Red Tape and Data Protection Are Stalling Innovation in Germany


The 2023 EFI Report Points Out Shortcomings in Research and Innovation

From left to right: Prof. Dr. Guido Bünstorf, Prof. Dr. Friederike Welter, Prof. Dr. Till Requate, Prof. Dr. Carolin Häussler, Federal Chancellor Olaf Scholz, Federal Minister Bettina Stark-Watzinger, Prof. Dr. Uwe Cantner (Chair), Prof. Dr. Irene Bertschek (Vice Chair).

The Commission of Experts for Research and Innovation (EFI) presented their annual report to German Chancellor Olaf Scholz. The presentation of the report is overshadowed the recently announced decision of the biotechnology company BioNTech recently announcing its decision to relocate its cancer research to the UK. ”We have been idle in Germany for far too long. Rather than advancing necessary reforms in the R&I system, we have allowed them to be delayed, and instead paid compensations and established expensive parallel structures. This needs to change to ensure Germany will continue to be an attractive research location in the future,” states Professor Irene Bertschek, head of the “Digital Economy” research unit at ZEW Mannheim and vice chair of the Expert Commission.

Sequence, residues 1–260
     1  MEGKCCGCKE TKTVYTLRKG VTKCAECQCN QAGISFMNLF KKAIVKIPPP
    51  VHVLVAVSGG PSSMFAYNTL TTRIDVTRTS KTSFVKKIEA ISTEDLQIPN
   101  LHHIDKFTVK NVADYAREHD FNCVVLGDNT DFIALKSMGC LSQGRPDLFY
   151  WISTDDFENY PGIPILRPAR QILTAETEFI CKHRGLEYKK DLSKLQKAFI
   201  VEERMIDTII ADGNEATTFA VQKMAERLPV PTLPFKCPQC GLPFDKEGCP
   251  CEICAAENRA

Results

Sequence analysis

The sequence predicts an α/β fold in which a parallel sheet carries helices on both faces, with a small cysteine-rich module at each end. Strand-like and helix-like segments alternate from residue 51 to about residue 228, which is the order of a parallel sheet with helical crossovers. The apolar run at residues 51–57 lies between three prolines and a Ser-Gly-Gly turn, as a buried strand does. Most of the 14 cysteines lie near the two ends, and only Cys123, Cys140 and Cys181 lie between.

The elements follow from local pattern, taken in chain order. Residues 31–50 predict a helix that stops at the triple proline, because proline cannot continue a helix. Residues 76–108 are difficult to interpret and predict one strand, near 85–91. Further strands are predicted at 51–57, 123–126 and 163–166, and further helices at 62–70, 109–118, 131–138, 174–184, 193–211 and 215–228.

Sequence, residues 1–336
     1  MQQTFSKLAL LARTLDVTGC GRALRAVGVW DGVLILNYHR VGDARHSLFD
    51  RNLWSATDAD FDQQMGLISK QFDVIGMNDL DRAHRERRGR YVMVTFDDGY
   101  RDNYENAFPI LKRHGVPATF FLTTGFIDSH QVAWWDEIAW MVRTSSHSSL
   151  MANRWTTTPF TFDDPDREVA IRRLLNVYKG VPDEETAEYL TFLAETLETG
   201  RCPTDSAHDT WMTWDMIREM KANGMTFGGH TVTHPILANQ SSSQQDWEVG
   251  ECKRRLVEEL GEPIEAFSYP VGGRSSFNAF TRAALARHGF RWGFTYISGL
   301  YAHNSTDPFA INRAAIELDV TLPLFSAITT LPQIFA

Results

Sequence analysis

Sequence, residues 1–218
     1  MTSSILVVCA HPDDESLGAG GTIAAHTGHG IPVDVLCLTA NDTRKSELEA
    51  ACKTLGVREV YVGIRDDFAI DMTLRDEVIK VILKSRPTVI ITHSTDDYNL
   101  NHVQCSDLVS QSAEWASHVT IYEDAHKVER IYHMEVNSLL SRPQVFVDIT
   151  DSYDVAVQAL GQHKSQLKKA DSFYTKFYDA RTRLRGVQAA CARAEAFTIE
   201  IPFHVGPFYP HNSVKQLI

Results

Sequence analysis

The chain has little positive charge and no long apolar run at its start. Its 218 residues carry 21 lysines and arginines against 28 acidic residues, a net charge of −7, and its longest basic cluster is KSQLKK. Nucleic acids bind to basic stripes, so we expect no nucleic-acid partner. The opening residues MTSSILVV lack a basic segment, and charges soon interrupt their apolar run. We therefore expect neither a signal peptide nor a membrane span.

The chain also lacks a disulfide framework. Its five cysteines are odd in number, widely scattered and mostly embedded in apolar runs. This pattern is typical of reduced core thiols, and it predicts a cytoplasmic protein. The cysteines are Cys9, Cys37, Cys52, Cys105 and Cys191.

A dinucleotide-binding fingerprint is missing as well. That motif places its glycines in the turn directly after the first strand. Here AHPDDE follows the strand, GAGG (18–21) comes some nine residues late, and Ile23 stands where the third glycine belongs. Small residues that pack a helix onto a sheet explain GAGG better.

The EFI report clearly shows the increasing urgency to improve framework conditions for research and innovation (R&I). For years, existing data protection regulations have been stalling the development of a comprehensive and innovation-promoting data economy. Clear rules for the use of data need to be set urgently. Bertschek demands, “The German government should use its proposed national data strategy to set clear and understandable rules and eliminate ambiguities. Standardised rules for the interpretation of data protection regulations for all federal states are crucial. So far interpretations differ depending on the state. This incurs high costs and, in the worst case, impedes innovation.”

Red tape obstructs funding

In the annual report, EFI says, the most pressing problems are not a lack of funding, medical infrastructure or skills but rather bureaucratic hurdles and inadequate government regulations. Administrative burdens and inadequate government regulations are the most common factors that hamper health research in Germany and the application of innovative procedures. Compared to other European countries, the administrative burden for clinical trials is exceptionally high in Germany. BioNTech, for example, expressly justified the relocation of its cancer research with more research-friendly framework conditions in the UK.

Further topics featured in the 2023 EFI report include innovation in an ageing society, markets for technology and German aerospace between old and new space.